Fresno Faces $27.8 Million Budget Shortfall

FRESNO, Calif. Mayor Ashley Swearengin presented the latest numbers to the city council, while warning leaders to brace for big changes.

The mayor said few people are spending money, so the city is making less in sales tax revenue. She spelled out the shortfall to City Council members Thursday morning.

The City of Fresno's financial security is on shaky ground, and the unprecedented $27.8-million dollar shortfall will surely end up in some job losses.

"I think it's safe to say there will be layoffs, it's just a question of how many."

Mayor Ashley Swearengin summed up the grim news to City Council members Thursday, there's no way to get around making significant cuts. Those decisions must be made within the next few weeks.

"It is going to be very painful and it's certainly happening across the state. We're not alone in this. Fresno has been fiscally prudent in the last number of years and it could be much worse. Our response is to act early to be smart in making these cuts but make sure we are living within our means," said Mayor Swearengin.

A big drop in sales tax revenue made budget problems even worse. The city saw a $13.3 million dollar decline from fewer purchases. Nearly $2 million alone is from losses in sales tax from car sales.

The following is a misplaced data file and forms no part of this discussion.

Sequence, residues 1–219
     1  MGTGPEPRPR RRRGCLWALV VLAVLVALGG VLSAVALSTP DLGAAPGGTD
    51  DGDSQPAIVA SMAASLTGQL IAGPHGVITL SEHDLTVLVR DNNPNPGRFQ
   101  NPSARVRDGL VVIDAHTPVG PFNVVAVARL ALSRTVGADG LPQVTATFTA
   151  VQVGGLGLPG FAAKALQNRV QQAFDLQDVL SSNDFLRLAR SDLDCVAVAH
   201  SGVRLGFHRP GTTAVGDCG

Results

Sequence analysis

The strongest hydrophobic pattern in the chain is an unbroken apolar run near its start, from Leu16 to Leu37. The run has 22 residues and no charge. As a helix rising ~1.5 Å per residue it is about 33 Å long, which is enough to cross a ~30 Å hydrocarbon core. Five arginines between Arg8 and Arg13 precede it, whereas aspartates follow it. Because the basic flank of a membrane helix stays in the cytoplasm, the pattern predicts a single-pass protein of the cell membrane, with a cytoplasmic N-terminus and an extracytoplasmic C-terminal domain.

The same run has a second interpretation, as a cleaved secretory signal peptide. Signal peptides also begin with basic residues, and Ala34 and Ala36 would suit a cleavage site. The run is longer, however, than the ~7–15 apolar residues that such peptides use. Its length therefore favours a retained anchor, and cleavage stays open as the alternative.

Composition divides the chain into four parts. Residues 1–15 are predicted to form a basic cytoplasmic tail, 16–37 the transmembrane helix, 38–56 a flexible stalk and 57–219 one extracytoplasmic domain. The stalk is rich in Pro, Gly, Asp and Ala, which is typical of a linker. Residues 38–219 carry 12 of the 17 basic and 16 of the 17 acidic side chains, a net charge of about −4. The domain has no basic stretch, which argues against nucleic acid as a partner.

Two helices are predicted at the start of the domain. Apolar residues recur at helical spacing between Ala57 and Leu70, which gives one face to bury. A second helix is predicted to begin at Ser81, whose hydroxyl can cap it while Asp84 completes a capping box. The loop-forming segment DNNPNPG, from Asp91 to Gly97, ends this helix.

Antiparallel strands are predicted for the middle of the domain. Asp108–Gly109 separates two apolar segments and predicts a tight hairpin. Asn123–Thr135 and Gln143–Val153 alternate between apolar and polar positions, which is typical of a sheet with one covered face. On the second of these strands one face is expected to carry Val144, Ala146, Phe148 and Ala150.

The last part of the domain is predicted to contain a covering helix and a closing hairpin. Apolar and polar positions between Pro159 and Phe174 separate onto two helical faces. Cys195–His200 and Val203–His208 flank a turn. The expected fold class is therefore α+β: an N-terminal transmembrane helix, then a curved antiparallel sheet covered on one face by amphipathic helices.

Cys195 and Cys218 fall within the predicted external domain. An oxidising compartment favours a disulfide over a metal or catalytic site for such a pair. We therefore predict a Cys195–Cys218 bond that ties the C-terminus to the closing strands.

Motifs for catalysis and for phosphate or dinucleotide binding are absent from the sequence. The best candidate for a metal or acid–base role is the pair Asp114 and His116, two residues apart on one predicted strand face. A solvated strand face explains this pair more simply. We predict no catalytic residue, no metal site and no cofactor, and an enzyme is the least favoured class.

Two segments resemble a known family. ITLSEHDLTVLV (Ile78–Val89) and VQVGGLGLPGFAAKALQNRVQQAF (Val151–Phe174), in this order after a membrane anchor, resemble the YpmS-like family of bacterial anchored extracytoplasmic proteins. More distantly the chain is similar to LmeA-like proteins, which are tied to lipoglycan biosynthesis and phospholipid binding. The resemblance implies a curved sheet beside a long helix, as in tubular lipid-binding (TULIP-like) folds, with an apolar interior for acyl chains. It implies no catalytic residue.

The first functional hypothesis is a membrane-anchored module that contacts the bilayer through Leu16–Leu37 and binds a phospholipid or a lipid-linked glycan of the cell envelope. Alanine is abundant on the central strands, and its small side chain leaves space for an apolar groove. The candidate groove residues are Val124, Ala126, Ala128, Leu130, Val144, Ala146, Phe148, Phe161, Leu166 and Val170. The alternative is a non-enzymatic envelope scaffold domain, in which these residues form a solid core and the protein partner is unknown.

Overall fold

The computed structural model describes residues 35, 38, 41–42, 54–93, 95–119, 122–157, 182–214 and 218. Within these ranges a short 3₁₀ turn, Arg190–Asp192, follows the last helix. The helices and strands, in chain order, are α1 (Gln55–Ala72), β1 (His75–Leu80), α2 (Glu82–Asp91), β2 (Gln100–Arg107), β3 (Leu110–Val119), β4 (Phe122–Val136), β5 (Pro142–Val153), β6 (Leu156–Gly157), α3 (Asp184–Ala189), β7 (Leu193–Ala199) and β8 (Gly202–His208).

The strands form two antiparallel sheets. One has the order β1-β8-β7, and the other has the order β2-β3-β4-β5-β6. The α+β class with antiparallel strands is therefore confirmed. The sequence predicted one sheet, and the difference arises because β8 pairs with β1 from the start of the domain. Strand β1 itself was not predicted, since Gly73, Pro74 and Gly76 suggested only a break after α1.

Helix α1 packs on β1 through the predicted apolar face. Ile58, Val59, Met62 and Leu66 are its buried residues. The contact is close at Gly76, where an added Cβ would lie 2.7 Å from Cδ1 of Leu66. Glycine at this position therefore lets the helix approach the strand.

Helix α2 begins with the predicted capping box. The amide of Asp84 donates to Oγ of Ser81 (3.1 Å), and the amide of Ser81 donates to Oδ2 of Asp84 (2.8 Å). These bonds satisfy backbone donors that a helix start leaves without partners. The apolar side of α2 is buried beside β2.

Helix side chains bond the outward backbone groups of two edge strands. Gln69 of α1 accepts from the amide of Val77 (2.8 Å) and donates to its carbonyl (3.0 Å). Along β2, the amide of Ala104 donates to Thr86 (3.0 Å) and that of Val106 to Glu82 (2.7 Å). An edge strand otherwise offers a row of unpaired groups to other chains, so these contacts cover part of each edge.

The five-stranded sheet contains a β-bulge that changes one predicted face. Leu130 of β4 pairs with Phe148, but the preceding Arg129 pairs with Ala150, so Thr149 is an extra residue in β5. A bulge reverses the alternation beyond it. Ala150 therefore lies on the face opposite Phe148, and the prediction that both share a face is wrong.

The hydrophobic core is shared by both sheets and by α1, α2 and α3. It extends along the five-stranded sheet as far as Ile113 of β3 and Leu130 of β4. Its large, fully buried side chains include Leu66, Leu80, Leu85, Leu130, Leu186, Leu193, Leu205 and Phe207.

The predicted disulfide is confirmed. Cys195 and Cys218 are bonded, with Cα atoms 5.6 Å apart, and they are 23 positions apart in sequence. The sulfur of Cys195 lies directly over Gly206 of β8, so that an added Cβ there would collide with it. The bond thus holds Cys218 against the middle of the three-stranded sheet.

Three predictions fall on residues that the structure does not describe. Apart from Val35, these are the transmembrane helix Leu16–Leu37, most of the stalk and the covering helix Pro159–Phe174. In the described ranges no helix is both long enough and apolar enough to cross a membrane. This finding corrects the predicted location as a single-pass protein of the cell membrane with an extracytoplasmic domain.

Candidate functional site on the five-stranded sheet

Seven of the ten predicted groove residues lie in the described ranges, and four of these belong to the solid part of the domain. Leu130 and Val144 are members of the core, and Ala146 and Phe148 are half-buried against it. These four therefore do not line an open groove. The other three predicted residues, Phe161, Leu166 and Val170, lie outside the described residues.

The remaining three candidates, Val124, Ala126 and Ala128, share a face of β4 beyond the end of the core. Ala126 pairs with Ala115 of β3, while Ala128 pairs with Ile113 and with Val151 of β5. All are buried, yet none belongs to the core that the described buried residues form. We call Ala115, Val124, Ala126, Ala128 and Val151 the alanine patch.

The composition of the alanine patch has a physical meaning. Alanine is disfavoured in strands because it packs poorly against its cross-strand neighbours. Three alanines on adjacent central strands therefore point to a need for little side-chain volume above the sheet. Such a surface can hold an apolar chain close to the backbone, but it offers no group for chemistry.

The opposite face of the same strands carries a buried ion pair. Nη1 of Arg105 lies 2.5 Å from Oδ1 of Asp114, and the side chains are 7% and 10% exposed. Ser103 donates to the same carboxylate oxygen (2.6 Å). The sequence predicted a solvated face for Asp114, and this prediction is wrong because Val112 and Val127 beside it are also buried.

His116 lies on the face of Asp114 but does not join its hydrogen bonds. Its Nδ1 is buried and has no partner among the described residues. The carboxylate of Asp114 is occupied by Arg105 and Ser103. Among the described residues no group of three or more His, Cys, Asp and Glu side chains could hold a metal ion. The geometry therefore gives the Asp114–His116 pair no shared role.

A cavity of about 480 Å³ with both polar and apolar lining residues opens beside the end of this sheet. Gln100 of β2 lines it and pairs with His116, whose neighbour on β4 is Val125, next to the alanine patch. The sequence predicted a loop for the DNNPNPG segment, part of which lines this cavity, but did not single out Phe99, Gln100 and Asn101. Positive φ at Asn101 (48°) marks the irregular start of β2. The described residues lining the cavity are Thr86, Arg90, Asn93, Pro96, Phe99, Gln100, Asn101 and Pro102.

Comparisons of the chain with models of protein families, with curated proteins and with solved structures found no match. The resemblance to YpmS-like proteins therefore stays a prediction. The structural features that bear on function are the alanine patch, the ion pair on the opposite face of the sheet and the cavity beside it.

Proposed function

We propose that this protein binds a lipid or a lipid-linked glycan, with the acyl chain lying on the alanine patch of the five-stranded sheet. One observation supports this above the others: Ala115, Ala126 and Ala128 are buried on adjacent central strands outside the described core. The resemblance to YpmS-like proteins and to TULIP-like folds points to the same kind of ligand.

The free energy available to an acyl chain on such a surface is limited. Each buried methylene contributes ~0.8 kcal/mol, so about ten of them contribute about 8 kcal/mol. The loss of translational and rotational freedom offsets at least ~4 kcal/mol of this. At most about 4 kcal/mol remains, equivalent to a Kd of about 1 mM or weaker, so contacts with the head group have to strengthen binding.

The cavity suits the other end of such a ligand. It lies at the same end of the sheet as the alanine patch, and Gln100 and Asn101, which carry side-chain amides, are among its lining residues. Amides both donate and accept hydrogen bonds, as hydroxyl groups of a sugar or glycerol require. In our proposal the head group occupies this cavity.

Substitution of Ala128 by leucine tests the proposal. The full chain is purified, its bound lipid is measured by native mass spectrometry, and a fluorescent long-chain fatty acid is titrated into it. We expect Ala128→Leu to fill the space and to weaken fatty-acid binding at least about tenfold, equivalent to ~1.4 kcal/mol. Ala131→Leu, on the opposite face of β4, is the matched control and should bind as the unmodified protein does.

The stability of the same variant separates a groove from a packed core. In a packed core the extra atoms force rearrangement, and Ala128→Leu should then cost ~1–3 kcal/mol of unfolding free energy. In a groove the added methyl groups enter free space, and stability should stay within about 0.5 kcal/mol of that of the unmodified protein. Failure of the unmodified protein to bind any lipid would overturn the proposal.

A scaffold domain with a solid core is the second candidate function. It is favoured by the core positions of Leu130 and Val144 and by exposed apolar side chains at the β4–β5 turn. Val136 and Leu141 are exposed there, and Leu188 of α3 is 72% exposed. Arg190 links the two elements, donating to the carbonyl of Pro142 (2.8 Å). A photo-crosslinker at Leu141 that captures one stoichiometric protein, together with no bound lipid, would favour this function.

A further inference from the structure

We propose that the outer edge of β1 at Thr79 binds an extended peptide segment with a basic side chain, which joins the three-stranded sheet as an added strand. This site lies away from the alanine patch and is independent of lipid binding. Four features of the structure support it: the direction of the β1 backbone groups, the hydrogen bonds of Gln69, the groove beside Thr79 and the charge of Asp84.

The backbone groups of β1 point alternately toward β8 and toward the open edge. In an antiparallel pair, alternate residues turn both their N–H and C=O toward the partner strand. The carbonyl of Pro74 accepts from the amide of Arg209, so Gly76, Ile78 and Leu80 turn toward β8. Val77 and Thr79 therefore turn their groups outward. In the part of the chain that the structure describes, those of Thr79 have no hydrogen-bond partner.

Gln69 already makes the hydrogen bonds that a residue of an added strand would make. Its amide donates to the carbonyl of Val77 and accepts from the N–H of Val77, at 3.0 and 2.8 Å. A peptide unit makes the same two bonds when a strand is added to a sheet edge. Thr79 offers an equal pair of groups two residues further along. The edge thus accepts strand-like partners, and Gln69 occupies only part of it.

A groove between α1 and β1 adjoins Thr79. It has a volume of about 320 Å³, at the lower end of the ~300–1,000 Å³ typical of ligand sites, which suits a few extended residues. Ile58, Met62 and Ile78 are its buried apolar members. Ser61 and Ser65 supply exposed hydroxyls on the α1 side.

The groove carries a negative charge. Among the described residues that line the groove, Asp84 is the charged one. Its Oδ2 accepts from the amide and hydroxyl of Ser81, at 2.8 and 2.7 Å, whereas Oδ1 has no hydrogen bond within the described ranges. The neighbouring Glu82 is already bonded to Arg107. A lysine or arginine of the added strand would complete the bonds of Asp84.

The City of Fresno collected $5.9-million dollars for the 2008 fiscal year in auto tax money, which tapered off to $4.1-million dollars this year.

At the police department, 85-percent of its budget is spent on personnel, so the police chief said considering different options is difficult. He's working to making cuts while trying to avoid furloughs or layoffs.

"The last thing we want to do, especially in today's economy with all of the challenges we are facing in law enforcement, is to downsize the police department in terms of sworn officers," said Fresno Police Chief Jerry Dyer.

Another major factor in the budget deficit is the city's retirement fund. That's projected to cost about $7.2-million dollars. Combine that with an extra $9.6 million dollars in increases the city has had in general expenses.

The mayor has asked all department heads to make quick changes to accommodate the shortfall.

Mayor Swearengin hopes to have a final budget reduction plan mid-November; with changes to take effect by January of 2010.

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